Dashboard design is not a one-size-fits-all proposition, but a strategic tool to assemble and display data relevant to an organization’s key performance indicators
Data analysis and reporting are becoming critical components of monitoring operations and supporting the growth of businesses. Radiology practices and imaging sites are faced with increased competition and reduced reimbursement rates; these have precipitated the development of monitoring tools for administrative staff, who are, in turn, pressured to increase market share and improve efficiency.
Technological advances in PACS, RIS, practice management systems, and customer relationship management systems provide an abundance of data to analyze. Today’s rich IT provides computing environments with low-cost computing power and disk space, and as a result, access to information is not the issue. The daunting task is to get your arms around the data and determine how to communicate the salient pieces of information that can help steer your business on a profitable growth path.
Business administrators are faced with the task of assimilating data from multiple disparate data systems, and they often lack tools to consolidate data. Dashboard technology can address these issues and facilitate informed decisions. Tools for implementing dashboards are provided by a variety of technology vendors and can vary in cost.
Dashboards assemble key performance indicators and display them to the user in a clear, concise format. Key performance indicators are used to define and measure progress towards organizational goals. The performance measures are conveyed in a logical, direct manner, with just enough content to be meaningful. Focus is placed on what is currently happening, rather than on what has happened in the past.
Effective dashboards use a variety of methods to display information, including graphs, gauges, and tabular charts. The context of a dashboard should not be oversaturated with color or cluttered with extraneous visual aids (such as grid lines on graphs, legends, and so forth). Dashboards should be aesthetically pleasing, making it easy for the user to read them, as well as capturing attention when appropriate.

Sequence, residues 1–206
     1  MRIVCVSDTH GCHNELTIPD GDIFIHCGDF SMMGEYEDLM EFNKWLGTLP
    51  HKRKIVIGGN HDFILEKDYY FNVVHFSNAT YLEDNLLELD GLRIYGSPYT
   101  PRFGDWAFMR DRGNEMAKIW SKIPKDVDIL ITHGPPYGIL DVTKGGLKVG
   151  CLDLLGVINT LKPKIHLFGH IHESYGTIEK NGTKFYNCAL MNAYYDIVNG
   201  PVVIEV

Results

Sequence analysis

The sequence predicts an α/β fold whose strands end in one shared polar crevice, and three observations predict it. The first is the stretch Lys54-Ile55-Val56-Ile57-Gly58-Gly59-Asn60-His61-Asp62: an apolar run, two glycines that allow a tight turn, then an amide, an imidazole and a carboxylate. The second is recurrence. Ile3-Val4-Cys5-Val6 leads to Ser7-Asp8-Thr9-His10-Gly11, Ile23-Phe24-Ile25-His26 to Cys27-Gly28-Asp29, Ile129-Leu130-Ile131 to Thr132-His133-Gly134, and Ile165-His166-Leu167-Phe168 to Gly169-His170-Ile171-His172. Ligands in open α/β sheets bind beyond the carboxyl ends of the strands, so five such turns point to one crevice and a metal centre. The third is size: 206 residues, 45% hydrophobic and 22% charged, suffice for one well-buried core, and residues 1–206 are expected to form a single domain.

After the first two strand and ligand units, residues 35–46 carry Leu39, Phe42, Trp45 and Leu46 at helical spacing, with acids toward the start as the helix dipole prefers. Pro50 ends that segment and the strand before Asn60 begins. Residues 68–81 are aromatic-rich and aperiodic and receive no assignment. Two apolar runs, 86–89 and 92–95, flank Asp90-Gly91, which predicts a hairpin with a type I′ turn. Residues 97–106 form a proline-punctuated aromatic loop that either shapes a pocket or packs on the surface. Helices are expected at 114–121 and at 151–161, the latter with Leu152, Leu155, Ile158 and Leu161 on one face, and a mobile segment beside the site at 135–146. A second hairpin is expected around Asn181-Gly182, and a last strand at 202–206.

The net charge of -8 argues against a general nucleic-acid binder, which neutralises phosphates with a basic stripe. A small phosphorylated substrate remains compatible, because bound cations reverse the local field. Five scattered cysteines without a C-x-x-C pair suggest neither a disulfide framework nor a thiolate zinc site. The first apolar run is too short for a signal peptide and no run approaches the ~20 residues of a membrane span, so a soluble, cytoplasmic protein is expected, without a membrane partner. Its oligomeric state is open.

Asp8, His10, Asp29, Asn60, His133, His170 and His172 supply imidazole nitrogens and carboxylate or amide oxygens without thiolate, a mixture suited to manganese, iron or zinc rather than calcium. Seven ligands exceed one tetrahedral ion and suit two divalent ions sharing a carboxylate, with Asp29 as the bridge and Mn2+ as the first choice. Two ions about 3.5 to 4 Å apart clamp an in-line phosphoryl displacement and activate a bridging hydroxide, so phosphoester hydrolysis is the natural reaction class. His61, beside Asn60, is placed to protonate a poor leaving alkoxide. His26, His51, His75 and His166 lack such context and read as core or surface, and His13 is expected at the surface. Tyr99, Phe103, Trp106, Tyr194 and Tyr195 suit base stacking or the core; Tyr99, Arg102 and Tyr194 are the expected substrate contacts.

Dashboards provide a common ground for management to use in monitoring the enterprise. They tell a story that keeps the management team on task and up to date on how the enterprise is doing as a whole. Dashboards facilitate collaboration between departments, emphasizing organizational performance and how the enterprise is progressing toward goals and against benchmarks.
Traditional approaches to monitoring organizational performance have often been departmental, especially as they relate to revenue and costs. Building an environment focused on performance improvement, however, requires interdepartmental communication. Metrics that make it onto the dashboard should be universal enough to convey organizational goals and should be reliable in their computation (to measure performance accurately).
Dashboards facilitate communication between departments. For example, a particular imaging site might be booked several weeks in advance, causing delays in scheduling appointments. Wouldn’t the marketing manager want the representative for that territory to be aware of that, and to take proactive steps to prevent losing business from referrers? Might the management team want to monitor capacity and workload to determine when additional equipment should be purchased?
While computers can speed the process of compiling and displaying data, determining what makes it onto your dashboard is dependent on its users. The key decision makers, including department heads, need to drive which key performance indicators are on the dashboard.
What becomes a key performance indicator depends on the organization’s goals. For example, key performance indicators for a radiology practice might include those shown in Figure 1. Key performance indicators communicate to the organization opportunities for improvement, as well as areas of success. They share good news and point out deficiencies. Through continuous, organization-wide monitoring, key performance indicators provide an avenue for maintaining accountability and performance standards
Data Into Dashboards
The dashboard provides views into the data from the end-user perspective. How those data are extracted from the source system, scrubbed, and